School Webcam Took Nude Pics, Teen Says
PHILADELPHIA (CN) - The ritzy Lower Merion School District in suburban Philadelphia was hit Wednesday with yet another lawsuit over secret webcam surveillance of students and their families through school-issued laptops.
Deposition in another case revealed that the district has photos of the latest plaintiff, Paige Robbins, "in the bathroom, or in the nude, or partially dressed or sleeping or in her bedroom or in a compromised state," according to the complaint.
District spokesman Doug Young told Courthouse News that the claim is "bizarre," the "epitome of an attempted money-grab and a complete waste of tax dollars."
Robbins is the sister of the original Webcamgate plaintiff, bringing the total of Webcamgate lawsuits to at least five.
The school district, among the nation's wealthiest, settled with minor Blake Robbins for $175,000 six months after he filed a February 2010 class action that accused school officials of spying on students by remotely activating the webcams on their school-issued laptops.
Officials reportedly activated the cameras as a way to combat computer theft or other malfeasance.
Paige Robbins now claims that the "indiscriminant remote [webcam] activation" while she was a minor-student at Harriton High School in Rosemont, Pa., caused her to be captured "in compromising or embarrassing positions, including, but not limited to, in various stages of dress or undress."
But the district says that the FBI and other law-enforcement agencies found no such photos after poring over "terabytes and terabytes of data" in an "exhaustive" probe.
Robbins says she first learned that she ended up on webcam candid camera as lawyers deposed a vice principal while litigating her brother Blake's case in April 2010.
The district disputes Robbins' characterization of the deposition, saying the excerpts "have been edited to omit key words."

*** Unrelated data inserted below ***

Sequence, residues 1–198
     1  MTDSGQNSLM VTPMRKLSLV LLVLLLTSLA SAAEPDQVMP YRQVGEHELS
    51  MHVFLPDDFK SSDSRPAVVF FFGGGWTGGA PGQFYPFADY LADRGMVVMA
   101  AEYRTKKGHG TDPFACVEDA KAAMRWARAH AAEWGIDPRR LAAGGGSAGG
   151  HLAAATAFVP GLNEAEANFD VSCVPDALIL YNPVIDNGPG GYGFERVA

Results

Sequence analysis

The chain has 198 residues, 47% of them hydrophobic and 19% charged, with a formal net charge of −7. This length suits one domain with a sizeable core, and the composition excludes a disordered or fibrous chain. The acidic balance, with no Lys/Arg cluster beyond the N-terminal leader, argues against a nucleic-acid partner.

"A thorough, exhaustive investigation - under supervision of the United States District Judge Jan DuBois, the FBI, and the United States Attorney - determined that no one ever saw a compromising image of Ms. Robbins or anyone else," Young said in a statement, referring to the judge who presided over Blake Robbins' case. "Indeed, the investigation did not recover any images of Ms. Robbins."
"That was one of the reasons they dropped the criminal investigation," Young told Courthouse News in an interview.
"It should also be noted that this complaint comes nearly two years after the original case was filed," according to Young's statement. "It appears Ms. Robbins simply waited to turn 18 so she could attempt to obtain a payout of her own from LMSD [Lower Merion School District] taxpayers. The district will vigorously defend its position and the taxpayers of this community."
As of late August, the district had spent more than $1.6 million litigating the scandal, the Philadelphia Inquirer reported.
Paige Robbins sued the Lower Merion School District, its board of directors and Superintendent Christopher McGinley, alleging invasion of privacy and violations of the Electronic Communications Privacy Act, the Computer Fraud and Abuse Act, the Stored Communications Act, federal civil rights law and Pennsylvania wiretapping law.
She is represented by Mary Bogan in Philadelphia. Bogan was not available for immediate comment on the lawsuit.